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  1. #1
    Join Date
    Oct. 6, 2007
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    93

    Default dressage success stories for the daisy cutters?

    I am hopefully looking at a horse this weekend that was definitely bred more for the hunter area. And it does show in the trot on the lunge (barely backed three y/o). However the canter is nice and balance, though maybe a touch flat. I am wondering if anyone has had any success in retraining the daisy cutters as dressage horses? I have confidence in my ability to train a horse up to 2nd on my own. I would like to go further, or course. But I really just want a good, all around horse who I can hop on bareback one day, event another and go to a dressage show the next weekend. Obviously that won't all be done over night, but it gives you an idea of what I am looking to achieve with my future horse.



  2. #2
    Join Date
    Oct. 21, 2003
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    8,672

    Default

    A good moving horse is a good moving horse. I am a bit confused by the question, you want a 3 year old to move forward and from the shoulder, I'd more look at how the horse moves behind than in front. IMO very few barely backed 3 yo will look like a "dressage" horse.



  3. #3
    Join Date
    Jan. 27, 2002
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    Arlington, VA US
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    1,348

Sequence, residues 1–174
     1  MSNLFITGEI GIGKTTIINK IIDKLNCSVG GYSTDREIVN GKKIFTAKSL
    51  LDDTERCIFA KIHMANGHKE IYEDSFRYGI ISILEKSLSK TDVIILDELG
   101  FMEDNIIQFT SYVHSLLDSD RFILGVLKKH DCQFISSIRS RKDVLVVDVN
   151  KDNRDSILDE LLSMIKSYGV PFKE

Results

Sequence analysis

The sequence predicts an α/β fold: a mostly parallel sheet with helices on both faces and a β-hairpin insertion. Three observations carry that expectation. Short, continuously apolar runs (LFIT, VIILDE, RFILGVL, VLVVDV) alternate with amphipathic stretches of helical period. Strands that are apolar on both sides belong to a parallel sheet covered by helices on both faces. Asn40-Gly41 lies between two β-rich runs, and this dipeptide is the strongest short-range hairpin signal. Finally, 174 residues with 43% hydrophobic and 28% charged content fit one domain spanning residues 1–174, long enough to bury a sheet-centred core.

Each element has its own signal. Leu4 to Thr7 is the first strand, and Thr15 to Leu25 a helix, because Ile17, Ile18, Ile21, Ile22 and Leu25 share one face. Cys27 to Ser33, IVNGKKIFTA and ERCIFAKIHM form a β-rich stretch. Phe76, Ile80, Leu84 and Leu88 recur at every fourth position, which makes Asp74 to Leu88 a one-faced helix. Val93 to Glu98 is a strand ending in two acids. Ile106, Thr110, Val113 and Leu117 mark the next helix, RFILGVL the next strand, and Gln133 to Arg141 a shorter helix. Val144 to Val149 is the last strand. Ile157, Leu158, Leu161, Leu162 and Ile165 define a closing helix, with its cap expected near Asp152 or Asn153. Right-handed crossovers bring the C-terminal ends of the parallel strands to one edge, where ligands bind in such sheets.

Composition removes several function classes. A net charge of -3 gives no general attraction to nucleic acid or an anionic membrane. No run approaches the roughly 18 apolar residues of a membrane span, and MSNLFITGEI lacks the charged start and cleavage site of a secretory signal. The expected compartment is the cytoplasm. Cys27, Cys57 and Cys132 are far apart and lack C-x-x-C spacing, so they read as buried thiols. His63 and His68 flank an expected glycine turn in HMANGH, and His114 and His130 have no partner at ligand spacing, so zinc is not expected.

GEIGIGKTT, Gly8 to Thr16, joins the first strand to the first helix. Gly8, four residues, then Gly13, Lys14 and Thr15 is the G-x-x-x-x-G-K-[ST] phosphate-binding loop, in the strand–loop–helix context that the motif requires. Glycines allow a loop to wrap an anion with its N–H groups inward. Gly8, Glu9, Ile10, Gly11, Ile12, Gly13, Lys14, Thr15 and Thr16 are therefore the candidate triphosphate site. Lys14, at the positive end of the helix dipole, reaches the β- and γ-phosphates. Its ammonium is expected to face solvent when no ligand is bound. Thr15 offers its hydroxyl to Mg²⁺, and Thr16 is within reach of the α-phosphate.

Thumbs up

    Sabriel

    Just remember dressage is good for every horse. My Appy/QH cross (see pic in profile) is a pretty flat mover but showed through 1st level with scores in the 60's consistently until last fall when I retired him from showing. He also trail rides, jumps, team pens, you name it. You WILL be able to better sit the trot on a daisy cutter 99% of the time (at least til you get a hang of riding the bigger movers), so there is a blessing there. Gaits are only part of the score- and consistency does count in them as well. So have a steady horse with so so gaits, but ride accurately and you should enjoy success.
    Appy Trails,
    Kathy & Cadet
    member CDCTA www.cdcta.com, TROT www.trot-md.org & Free State Appaloosa Horse Club freestateaphc.org



  4. #4
    Join Date
    Oct. 6, 2007
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    93

    Default

    Quote Originally Posted by Perfect Pony View Post
    A good moving horse is a good moving horse. I am a bit confused by the question, you want a 3 year old to move forward and from the shoulder, I'd more look at how the horse moves behind than in front. IMO very few barely backed 3 yo will look like a "dressage" horse.